Mayor reveals solution to massive sewage spill

Plan to keep pollution out of South Bay
Posted at 6:37 PM, Mar 15, 2017

Just one month after 200 million gallons of raw sewage leaked into the South Bay, city officials say they have a solution. 

The February spill forced several beaches to shut down from the contaminated water, leaving animals and people very sick. 

Officials say the raw sewage leaked into the Tijuana River when a Mexican pipe collapsed. Imperial Beach Serge Dedina revealed his game plan at Wednesday's City Council meeting. 

"All of the pressure that we've been putting on working with Mexican fed officials to help find a solution looks like they're gonna come to fruition," said Dedina. "So that's big news and that's really important news for us."

He says the solution is using a diverter pipe to help keep pollution from Mexico out of American waters.

"Any time it rains, the diverter pipe is turned off and that flow reaches our beaches. So it's critical that we work with authorities in Mexico to upgrade the pipe so they can actually keep it on longer and suck out more water. Number two, the long term plan for fixing the sewage system in Tijuana calls for stopping the discharge of that treated sewage in the river."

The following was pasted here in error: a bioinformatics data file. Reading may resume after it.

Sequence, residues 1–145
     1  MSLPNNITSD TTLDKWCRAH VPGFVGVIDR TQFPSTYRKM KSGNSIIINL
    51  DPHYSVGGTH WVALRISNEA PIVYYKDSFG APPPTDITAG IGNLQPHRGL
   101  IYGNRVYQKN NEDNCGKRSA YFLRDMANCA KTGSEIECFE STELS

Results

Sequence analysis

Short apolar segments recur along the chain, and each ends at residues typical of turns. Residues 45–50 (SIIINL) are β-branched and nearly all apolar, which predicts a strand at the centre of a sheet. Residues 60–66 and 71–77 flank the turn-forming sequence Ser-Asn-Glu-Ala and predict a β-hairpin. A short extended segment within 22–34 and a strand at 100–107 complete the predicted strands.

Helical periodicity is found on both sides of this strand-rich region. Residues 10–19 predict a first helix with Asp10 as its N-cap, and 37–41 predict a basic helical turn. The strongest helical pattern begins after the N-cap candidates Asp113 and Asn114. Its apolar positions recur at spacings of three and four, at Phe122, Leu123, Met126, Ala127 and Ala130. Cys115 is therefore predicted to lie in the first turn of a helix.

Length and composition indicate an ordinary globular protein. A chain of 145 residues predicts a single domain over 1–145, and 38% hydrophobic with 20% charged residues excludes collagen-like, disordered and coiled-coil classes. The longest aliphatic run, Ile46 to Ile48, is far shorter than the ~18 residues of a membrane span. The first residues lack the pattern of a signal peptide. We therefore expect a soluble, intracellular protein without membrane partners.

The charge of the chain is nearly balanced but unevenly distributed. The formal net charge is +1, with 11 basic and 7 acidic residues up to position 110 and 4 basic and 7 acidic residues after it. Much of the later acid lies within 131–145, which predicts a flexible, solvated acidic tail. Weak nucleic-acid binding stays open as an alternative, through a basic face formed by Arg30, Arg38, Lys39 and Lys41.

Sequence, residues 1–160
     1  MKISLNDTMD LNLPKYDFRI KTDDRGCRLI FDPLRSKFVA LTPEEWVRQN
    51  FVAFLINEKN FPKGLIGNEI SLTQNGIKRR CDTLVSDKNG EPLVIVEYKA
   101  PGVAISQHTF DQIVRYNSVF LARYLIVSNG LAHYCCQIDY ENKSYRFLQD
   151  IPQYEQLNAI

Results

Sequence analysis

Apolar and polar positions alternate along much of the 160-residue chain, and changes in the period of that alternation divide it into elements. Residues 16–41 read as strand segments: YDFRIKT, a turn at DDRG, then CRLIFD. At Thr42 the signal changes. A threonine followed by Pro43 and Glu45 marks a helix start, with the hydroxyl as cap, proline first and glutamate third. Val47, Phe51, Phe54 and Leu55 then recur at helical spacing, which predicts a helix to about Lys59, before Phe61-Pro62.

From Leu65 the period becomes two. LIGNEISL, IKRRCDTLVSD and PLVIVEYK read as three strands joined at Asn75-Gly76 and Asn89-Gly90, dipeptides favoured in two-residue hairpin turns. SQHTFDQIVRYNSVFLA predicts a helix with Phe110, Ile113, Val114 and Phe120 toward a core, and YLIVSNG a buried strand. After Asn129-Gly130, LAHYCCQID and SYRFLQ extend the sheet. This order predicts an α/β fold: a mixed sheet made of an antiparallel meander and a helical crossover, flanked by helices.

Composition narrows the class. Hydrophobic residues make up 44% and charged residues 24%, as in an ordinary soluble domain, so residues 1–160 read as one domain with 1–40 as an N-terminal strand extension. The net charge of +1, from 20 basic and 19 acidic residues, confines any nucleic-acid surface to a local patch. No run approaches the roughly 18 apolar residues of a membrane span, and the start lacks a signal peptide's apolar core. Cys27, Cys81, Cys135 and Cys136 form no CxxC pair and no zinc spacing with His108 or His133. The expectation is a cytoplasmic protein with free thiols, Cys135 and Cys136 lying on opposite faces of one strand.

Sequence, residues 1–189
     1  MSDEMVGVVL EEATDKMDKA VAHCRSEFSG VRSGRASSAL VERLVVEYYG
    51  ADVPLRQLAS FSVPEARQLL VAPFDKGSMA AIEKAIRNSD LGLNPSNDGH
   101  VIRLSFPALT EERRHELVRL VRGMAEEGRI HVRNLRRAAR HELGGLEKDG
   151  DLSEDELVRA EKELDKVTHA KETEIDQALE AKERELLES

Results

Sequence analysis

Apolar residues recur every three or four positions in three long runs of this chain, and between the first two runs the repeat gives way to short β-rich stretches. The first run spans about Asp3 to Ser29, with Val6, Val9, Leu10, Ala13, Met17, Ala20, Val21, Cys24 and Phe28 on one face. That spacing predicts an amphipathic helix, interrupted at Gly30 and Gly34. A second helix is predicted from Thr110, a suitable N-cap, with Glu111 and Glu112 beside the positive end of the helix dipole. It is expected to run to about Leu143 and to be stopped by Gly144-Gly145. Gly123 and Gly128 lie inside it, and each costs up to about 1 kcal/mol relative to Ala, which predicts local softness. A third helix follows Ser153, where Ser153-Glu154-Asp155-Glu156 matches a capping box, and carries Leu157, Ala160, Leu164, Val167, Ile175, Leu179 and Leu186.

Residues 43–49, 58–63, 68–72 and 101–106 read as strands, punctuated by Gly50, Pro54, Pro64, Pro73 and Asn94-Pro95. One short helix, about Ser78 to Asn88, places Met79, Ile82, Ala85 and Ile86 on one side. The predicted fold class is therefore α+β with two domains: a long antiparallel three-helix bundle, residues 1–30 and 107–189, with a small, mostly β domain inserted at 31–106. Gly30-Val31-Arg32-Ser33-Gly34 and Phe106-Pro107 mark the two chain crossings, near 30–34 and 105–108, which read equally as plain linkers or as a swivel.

In addition to a new pipe, Mexican officials say they're going to upgrade their current system.

"The Mexican government is poised to release a plan to upgrade the sewage system in Tijuana that would solve most of our problems."

The governor of Baja California is set to declare a State of Emergency to help get additional funding for improvements. Mayor Dedina says the bill for damage control will fall entirely south of the border. 

"It needs to be made clear, Mexico is gonna pay for this."

Although this isn't the first time water has been polluted from Mexico, this latest spill might have a silver lining. 

"I think with this spill what happened is we put authorities on notice they need to do a better job of communicating and managing the system before we get any upgrades so that's something that we're going to continue to monitor."

Dedina says Mexico plans to start making improvements to their sewage system by the end of the year.